Shakespeare on the Playground: Part 2
Last year, I asked 4th grade teacher Vikki Cole to write a blog post about her “Shakespeare on the Playground” creation. Over the last two years, she has done an after school club for interested 4th and 5th grade students focusing on the famous works of Shakespeare. She guides them through a specific literary work, and then the students act out this work in a mini play. The plays are rehearsed to be performed in the open air on our playground (our own version of the Globe Theater!), but the weather does not always cooperate. In the post below, Mrs. Cole talks about the fall production that was performed this week. I so appreciate that our faculty is dedicated teachers like Mrs. Cole, who strive to provide new experiences for our students.
“What if I mess up?” a student wailed.
It was two minutes until show time, and I was talking nine, nervous 9 and 10-year-old “players” off the proverbial edge of panic. Huddled just offstage, they were a mishmash of wings, fake mustaches, velvet flat caps, and ivy crowns - the absolute best the church’s wardrobe closet offered for their diminutive sizes.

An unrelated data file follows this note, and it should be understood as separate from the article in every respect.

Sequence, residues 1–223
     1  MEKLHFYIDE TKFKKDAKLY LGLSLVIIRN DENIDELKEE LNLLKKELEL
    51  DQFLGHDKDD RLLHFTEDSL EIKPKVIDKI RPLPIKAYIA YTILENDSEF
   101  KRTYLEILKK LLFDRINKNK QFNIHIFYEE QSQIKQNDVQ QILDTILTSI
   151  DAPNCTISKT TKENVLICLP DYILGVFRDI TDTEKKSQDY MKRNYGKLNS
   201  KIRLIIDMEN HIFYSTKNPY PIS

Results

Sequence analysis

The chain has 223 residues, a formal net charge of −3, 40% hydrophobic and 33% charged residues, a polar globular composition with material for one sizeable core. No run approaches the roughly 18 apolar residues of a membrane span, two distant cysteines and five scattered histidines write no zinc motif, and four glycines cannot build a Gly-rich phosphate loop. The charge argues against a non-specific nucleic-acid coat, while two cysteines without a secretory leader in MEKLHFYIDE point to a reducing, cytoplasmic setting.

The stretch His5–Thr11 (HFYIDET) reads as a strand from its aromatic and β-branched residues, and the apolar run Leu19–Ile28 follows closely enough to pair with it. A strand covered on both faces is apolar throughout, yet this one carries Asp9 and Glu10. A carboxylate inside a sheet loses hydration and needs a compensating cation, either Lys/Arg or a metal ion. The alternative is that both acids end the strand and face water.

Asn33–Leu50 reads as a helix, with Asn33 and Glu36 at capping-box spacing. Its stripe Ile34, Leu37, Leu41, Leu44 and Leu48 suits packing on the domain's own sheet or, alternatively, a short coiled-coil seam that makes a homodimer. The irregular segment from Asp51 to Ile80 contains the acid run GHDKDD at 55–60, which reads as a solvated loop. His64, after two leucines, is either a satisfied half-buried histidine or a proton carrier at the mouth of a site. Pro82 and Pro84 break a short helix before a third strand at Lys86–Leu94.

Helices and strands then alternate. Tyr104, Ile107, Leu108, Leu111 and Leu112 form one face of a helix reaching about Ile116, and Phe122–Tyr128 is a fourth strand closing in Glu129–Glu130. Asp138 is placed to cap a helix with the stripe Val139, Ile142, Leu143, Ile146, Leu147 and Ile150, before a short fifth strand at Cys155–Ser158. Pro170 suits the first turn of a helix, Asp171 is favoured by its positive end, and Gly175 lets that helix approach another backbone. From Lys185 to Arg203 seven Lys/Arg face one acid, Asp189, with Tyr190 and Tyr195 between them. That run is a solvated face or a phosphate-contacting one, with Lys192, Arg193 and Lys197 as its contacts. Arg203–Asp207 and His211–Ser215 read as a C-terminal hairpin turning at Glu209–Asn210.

“Someone will mess up,” I stated calmly. “We’ve even practiced that. We’ve got this!” I assured my tiny troupe.
Alas, the fall 2018 BBS production of A Midsummer Night’s Dream did NOT go off without a hitch, just as predicted. Oberon and Puck had a conversation in Act Two, which wasn’t supposed to occur until Act Four. There were a few mispronounced words. A two-ton truck metaphorically ran over a couple of Shakespeare’s original lines. And one player ran on stage at the wrong time, paused, and loudly declared, “I’m not supposed to be here right now!” before dashing away.
However, the performance was a hit in its own topsy-turvy, uniquely creative way. These young actors showed up despite their fears. They delivered their lines and “caught” each other when necessary. They laughed with the audience, and one another. They kept going when something went wrong.
Though I boast of no previous theatre experience, I am now convinced of the absolute necessity of such activities within an elementary school program. Such productions provide an excellent platform from which children can gain hands-on experience in collaboration and grit.
Actually, there was little chance of this elementary performance becoming a complete fail. After all, the audience was primarily composed of parents and grandparents, shoe-ins for standing ovations and catcalls of praise. Yet, even without such a generous audience, the show would have still been a success. These children acted their hearts out. They gave it their all and left it on the stage for our utter enjoyment. They showed courage, perseverance, dedication, and humor. I have never been prouder of a group of people.